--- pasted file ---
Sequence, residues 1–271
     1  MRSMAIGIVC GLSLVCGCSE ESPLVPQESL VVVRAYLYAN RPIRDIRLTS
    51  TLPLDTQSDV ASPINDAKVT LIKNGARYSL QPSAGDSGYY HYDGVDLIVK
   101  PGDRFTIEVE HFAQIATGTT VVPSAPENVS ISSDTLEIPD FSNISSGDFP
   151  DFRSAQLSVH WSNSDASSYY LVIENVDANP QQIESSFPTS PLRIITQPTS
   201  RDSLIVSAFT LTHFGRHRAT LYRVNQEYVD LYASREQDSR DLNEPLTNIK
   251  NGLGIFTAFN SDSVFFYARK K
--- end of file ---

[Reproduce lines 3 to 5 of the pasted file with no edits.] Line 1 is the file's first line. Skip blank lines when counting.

    51  TLPLDTQSDV ASPINDAKVT LIKNGARYSL QPSAGDSGYY HYDGVDLIVK
   101  PGDRFTIEVE HFAQIATGTT VVPSAPENVS ISSDTLEIPD FSNISSGDFP
   151  DFRSAQLSVH WSNSDASSYY LVIENVDANP QQIESSFPTS PLRIITQPTS